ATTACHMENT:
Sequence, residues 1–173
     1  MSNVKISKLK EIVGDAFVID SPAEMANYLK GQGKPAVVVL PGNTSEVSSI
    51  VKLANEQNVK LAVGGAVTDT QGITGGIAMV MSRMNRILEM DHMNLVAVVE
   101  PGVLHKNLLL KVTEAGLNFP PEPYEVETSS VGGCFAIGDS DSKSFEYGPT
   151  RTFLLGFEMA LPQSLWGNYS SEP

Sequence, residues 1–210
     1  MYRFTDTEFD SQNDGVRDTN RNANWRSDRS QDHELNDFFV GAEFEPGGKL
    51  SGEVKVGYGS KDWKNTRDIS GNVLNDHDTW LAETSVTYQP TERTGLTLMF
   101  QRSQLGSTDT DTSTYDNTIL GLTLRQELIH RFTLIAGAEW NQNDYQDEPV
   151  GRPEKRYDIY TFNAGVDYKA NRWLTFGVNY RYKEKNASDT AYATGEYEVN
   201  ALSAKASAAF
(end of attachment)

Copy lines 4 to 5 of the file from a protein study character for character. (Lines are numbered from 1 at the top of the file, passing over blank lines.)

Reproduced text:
   101  PGVLHKNLLL KVTEAGLNFP PEPYEVETSS VGGCFAIGDS DSKSFEYGPT
   151  RTFLLGFEMA LPQSLWGNYS SEP